- The next new superfood – Maca root
Maca is a root native to the Andes Mountains and a member of the radish family. Until recently, has been widely overlooked but this remarkable, vegan super food fueled the Inca culture and was known as the ‘food of the gods’ for improving general health, balancing mood, stamina, and energy.
We’re seeing maca often combined with chocolate, which makes for a fantastic alternative to semi-sweet chocolate chips in a cookie, for example. It also works beautifully in smoothies, breads and bars as its forms are diverse. Maca is very mild tasting with a subtle earthy flavor, and can bolster nutrient density in a variety of foods from baked goods to soups. Maca root is available in a powder, chips and bar forms.
- The next ‘It’ vegetable – Kohlrabi
This ‘versatile veggie’ will take over the reigns as the next King of veggies, enjoyed raw and cooked, from sticks to tortilla shells, noodles and everything in between. A member of the cabbage family, Kohlrabi, is an even better source of vitamin C than oranges and is also a very good source of Dietary Fiber, Potassium, Vitamin B6, Copper and Manganese. With only 27 calories per 100 g, Kohlrabi has high water content, very low sodium, no cholesterol and a subtle, sweet flavor with a pleasing texture.
I adore kohlrabi because it’s got infinite possibilities. I’ve used it in soups, mashes, hashes and served it in crunchy sticks, as a substitute for noodles (koodles) and as a replacement for croutons. My absolute favorite way to enjoy it is slice it thin and use it instead of a corn or flour tortilla, filled with anything from shrimp ceviche to beans and mushrooms. For a restaurateur looking to make a crossover from heavier Mexican offerings, what I call ‘k-tillas’ can be the answer.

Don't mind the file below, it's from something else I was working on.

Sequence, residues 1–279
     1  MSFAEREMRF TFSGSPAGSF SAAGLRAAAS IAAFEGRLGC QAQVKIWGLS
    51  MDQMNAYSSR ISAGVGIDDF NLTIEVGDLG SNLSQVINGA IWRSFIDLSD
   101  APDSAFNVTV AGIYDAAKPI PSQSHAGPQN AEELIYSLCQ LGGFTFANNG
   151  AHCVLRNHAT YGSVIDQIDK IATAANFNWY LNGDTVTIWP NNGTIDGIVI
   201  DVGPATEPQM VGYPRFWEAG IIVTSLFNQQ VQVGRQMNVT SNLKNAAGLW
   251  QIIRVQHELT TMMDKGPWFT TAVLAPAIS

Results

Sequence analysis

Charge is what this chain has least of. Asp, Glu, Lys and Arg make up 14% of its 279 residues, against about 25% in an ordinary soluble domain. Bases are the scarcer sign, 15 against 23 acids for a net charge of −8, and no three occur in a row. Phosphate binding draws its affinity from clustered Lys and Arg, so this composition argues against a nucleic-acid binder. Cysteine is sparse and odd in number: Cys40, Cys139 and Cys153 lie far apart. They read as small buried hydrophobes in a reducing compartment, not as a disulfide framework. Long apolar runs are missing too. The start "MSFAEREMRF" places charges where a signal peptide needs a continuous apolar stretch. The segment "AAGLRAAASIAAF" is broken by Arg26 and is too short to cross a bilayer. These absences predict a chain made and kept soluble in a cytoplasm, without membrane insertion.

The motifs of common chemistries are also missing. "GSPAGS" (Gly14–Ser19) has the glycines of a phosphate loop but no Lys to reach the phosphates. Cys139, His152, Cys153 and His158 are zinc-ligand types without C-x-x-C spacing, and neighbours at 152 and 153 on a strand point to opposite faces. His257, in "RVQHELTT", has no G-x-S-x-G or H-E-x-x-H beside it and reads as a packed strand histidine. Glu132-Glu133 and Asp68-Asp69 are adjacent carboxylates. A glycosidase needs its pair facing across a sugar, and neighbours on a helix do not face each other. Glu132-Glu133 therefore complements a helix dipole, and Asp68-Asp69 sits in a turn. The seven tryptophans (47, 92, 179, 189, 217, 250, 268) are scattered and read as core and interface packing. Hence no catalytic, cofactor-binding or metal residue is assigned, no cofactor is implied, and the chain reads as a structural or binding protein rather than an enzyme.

Farm Stand Fresh Foods is a newly appointed marketing and distributing company based in Southern California who is launching Kohlrabi in the US and Canada. Farm Stand Fresh Foods Founder, President and CEO, Chris Lindley shares: “Consumers in the US and Canada are about to discover kohlrabi, a versatile veggie. It’s so refreshing and has a delicious mild vegetable taste with a texture similar to jicama or radish. We’ll be offering fresh-cut Farm Stand Fresh Foods kohlrabi in a variety of prepared forms so consumers can spend less time cutting and more time enjoying this delicious and nutrient-dense veggie. Kohlrabi can be eaten raw or, just like a potato, easily roasted, steamed, braised, baked, boiled, pureed or mashed – it integrates seamlessly into many different dishes. This is the vegetable taking center stage.”
- Have a ball
You can expect to see an array of healthful ‘ballin’ goodies in the upcoming year. From snacks to desserts to mealtime, I anticipate a year full of nutrient dense bites in the shape of a bite-sized ball. This follows the portion-sized approach of the muffin pan, where consumers feel they can enjoy what they love in a smaller sized package.
Protein power balls are the antidote to expensive protein bars. They contain the perfect balance of good fats, protein and slow burning carbs to help stabilize blood sugar. Instead of a whole bar, a consumer can enjoy one bite before a workout and get just the right amount of energy.